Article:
If you’ve got kids, then you have undoubtedly experienced many, many moments of a complete meltdown. And it’s not just the kids that have the meltdown either! But for those days when there doesn’t seem to be a moment of peace, you know you’ve got just to suck it up and go with it.
There are times when I am at home with a little monster who just won’t calm down and behave. I’m not keen to reward bad behaviour at all, but even I sometimes know you have to distract them in a positive way. My survival instincts have seen me throw a couple of things in a bag and head out the door with her tucked under my arm. We’ve headed to the park, the soft play centre or even the swimming pool. Anywhere that she can make those annoying noises without the neighbours banging on the walls anymore!
When kids are that age, I think it’s important to have fun days out as a family. But it’s really heartbreaking when they come home tired and naughty after such a good day out. Still, it’s essential to get them out of the house from time to time. I can’t stand kids TV, so for me, leaving her in front of it for half an hour is not my favourite way to get her to calm down.
At this age, children seem to have endless amounts of energy. It feels like my daily challenge revolves around wearing them out by bedtime so they’ll fall asleep and stay that way till morning. I have three young girls so it’s important that any activities are as inclusive as possible. So we dance. And we stomp. And we bounce and jump and crawl. I get a great workout. The kids often sit and stare. But eventually, with the right music, they’ll join in and we end up in a heap of giggles.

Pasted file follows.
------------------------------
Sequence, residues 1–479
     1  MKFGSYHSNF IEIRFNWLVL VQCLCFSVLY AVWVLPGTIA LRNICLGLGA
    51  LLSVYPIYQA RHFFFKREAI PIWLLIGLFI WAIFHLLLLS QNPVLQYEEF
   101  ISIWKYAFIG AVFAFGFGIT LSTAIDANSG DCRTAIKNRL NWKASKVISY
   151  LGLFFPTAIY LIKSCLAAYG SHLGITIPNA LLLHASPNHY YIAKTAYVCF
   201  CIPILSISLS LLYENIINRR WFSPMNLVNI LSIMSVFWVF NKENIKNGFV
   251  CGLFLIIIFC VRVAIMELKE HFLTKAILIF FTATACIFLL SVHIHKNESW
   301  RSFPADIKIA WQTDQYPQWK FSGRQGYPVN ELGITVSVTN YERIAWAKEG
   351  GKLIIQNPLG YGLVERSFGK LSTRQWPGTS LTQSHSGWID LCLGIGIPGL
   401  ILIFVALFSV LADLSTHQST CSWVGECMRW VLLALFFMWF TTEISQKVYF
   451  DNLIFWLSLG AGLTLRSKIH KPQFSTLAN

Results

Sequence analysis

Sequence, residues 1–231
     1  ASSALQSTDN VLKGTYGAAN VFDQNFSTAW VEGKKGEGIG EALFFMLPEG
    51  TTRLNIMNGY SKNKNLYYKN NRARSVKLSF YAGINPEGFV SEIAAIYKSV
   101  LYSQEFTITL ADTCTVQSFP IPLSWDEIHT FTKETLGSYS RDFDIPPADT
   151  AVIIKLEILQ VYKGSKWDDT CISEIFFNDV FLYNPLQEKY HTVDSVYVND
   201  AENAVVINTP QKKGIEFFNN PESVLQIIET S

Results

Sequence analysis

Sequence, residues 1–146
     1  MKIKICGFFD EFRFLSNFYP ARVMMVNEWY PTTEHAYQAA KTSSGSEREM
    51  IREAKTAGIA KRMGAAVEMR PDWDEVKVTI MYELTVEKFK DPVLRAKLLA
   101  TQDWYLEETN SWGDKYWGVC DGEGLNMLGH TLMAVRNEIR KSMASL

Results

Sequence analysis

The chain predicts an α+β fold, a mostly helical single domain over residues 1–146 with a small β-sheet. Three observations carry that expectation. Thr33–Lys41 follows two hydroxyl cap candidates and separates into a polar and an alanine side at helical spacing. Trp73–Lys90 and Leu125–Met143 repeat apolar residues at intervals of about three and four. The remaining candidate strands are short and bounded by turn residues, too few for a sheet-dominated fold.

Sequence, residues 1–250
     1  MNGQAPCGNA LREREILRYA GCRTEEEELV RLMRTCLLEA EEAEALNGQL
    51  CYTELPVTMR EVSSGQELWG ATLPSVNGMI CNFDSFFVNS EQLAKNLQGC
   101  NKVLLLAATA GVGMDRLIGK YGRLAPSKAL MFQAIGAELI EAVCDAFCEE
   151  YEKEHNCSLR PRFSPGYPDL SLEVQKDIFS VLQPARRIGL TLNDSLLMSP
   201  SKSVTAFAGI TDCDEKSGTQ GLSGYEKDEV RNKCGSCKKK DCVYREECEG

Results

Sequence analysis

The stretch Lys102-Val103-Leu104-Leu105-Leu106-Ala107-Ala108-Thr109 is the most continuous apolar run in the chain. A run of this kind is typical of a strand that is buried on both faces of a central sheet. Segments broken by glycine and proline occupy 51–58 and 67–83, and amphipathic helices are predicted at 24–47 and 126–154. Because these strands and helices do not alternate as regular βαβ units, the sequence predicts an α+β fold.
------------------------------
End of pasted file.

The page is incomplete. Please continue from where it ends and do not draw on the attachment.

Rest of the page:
When it’s dry, I love packing a picnic and taking the three of them to the park. There is something about eating outdoors that has a positive effect on all of us. There are no food fights here. The sandwiches get eaten in their entirety. And the stench of post-dinner digestion quickly dissipates without me having to suffer it at all! Table manners seem to be far better sat cross-legged on a picnic blanket. Then off they go to play so I can tidy up without being pestered.
Production lines work great with three kids. You can get the biggest to do all the fine motor activities. The smallest can work on just moving from one place to the next. Megablocks can be passed up the line to be built into a dolly house. We can learn colours, numbers, and even shapes that way. Admittedly it will only last for as long as the smallest’s attention span. The key is to introduce regular changes to the requirements. Give them different actions to perform.
Keeping the kids entertained is often about getting involved on their level. Days out focusses their attention onto new fun things. Stay-at-home activities are more about sharing in a quieter game. So long as they’re happy, eh?